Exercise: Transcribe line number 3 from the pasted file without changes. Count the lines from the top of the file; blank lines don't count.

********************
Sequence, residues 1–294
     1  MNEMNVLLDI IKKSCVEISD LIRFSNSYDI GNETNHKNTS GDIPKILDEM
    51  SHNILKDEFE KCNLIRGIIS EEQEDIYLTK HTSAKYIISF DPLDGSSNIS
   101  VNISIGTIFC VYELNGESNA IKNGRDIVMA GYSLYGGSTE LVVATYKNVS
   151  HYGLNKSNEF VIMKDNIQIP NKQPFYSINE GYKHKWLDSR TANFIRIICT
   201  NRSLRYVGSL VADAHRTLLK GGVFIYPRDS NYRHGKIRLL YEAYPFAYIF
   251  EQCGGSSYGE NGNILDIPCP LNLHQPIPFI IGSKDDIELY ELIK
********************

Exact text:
    51  SHNILKDEFE KCNLIRGIIS EEQEDIYLTK HTSAKYIISF DPLDGSSNIS